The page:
LOS ANGELES, Oct. 21, 2014 (GLOBE NEWSWIRE) -- With the Board of Recreation and Parks (RAP) Commission scheduled to discuss the Greek Theatre concession Thursday, new concerns have been raised regarding the external consultant's (Strategic Advisory Group) failure to disclose Live Nation's inclusion of a rent relief exception that the RAP General Manager admits was prohibited by the RFP.
"Buried on page 378 of Live Nation's proposal is an exception that would allow Live Nation to transfer some of its contractual risk to the City by requiring rent relief 'commensurate with the estimated loss of revenue' if Live Nation is unable to complete its capital improvement projects before the beginning of the 2016 season. The simple fact is that the rent abatement clause significantly distorts the revenue proposal Live Nation submitted to the City, and, due to the strings attached should have resulted in their disqualification," said Alex Hodges, CEO Nederlander Concerts.
According to the City's RFP, a fundamental concept underlying partnership between the City and any private party is the transfer of risk. In this case, the transfer of risk related to the capital improvements, operation and maintenance of the Greek Theatre. As structured, the City's procurement process is designed to transfer the city's risk of improving and operating the Greek Theatre, and transfer it to a winning management team. Those risks include permitting, construction, litigation, environmental and historical review. Live Nation's inclusion of "rent abatement for unforeseen circumstances" returns a significant portion of risk related to facility and site improvements back to the City. This is inconsistent with the philosophy of the procurement; not in the best interest of Los Angeles taxpayers, a violation of the RFP and should have been highlighted by the evaluation Committee for the City's consideration.
On Thursday, October 9, the RAP Commission failed to reach a consensus for the second time on whether to affirm an initial staff recommendation to award the contract to Live Nation. In a series of detailed letters sent to the city, Nederlander Concerts in joint venture with AEG Live have raised serious concerns about the evaluation of both proposals. Some of the more significant errors include:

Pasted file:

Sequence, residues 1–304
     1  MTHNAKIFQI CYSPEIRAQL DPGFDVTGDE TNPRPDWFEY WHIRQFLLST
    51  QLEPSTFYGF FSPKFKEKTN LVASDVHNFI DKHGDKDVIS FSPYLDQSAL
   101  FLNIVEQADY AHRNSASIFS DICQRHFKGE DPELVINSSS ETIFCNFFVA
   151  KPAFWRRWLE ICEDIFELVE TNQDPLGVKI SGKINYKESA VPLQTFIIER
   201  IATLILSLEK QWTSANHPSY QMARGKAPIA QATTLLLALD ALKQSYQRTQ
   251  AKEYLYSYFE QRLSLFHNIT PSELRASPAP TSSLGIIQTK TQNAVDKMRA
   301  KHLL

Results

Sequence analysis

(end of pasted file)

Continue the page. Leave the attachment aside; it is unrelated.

- The Nederlander-AEG proposal guarantees over $6 million more to the City over 10 years and in excess of $17 million more over 20 years versus the Live Nation proposal. The guaranteed cash in rent to the City by Nederlander/AEG is not contingent on the number of shows, but a contractual obligation that is unmatched by Live Nation.
- The Panel was misled by Live Nation's inclusion of items in its proposal which were prohibited by the RFP, such as an inflated preventative maintenance commitment that included routine maintenance such as janitorial and pest control to inflate the number. While accepted at face value by the consultants, this was inconsistent with the RFP and erroneously turned the scoring in Live Nation's favor. When the numbers are equally tallied, the Nederlander/AEG Live bid was significantly higher than Live Nation's preventative maintenance commitment.
- Giving Live Nation financial credit for their "community trust fund" that does not provide any funding to the City, is unsound. Nevertheless, the fund, financed by charging above face value for tickets, is cited as a financial benefit to the City 14 times in the 11 page staff report as part of the financial analysis. The RFP did not ask proposers to tally expenses related to community activities, and if it had, a review of the pro-forma in the Nederlander/AEG Live proposal reveals substantially more community expenditures.
- City records reveal that the evaluation panel was told to "assume" that the proposals were for a 20 year contract, when in fact there is only a 10 year guaranteed term, plus two five year options to the City. As a result of this error, the panel scored Live Nation for a commitment of $15,000,000 as "guaranteed" capital improvements, which are in fact both contingent and speculative. This error has caused a recommendation that the City pass up millions of dollars in rent for an amorphous benefit that could not be realized until after 2026. SAG compounded the mistake by erroneously claiming Nederlander/AEG Live planned no capital expenditures in the option years.
"Even though we still have not yet had an opportunity to review the complete procurement file, we believe that if the process had been conducted fairly, Nederlander/AEG would have won with a superior proposal built on: (1) the highest minimum guaranteed rent payments to the City, (2) a proven track record of delivering on our obligations, (3) the earned trust and respect of the surrounding Greek Theatre community, (4) a labor-friendly operation, (5) a significant redesign of the venue by one of Los Angeles' most preeminent architects, and (6) a community program that will provide increased access to the arts, job training and mentorship for residents all over the City. We believe that it is part of the commissioners' responsibility to make sure the process was followed correctly. We are confident that after proper review and diligence is conducted, Nederlander/AEG's superior proposal will be the clear choice both financially and for the community," added Hodges.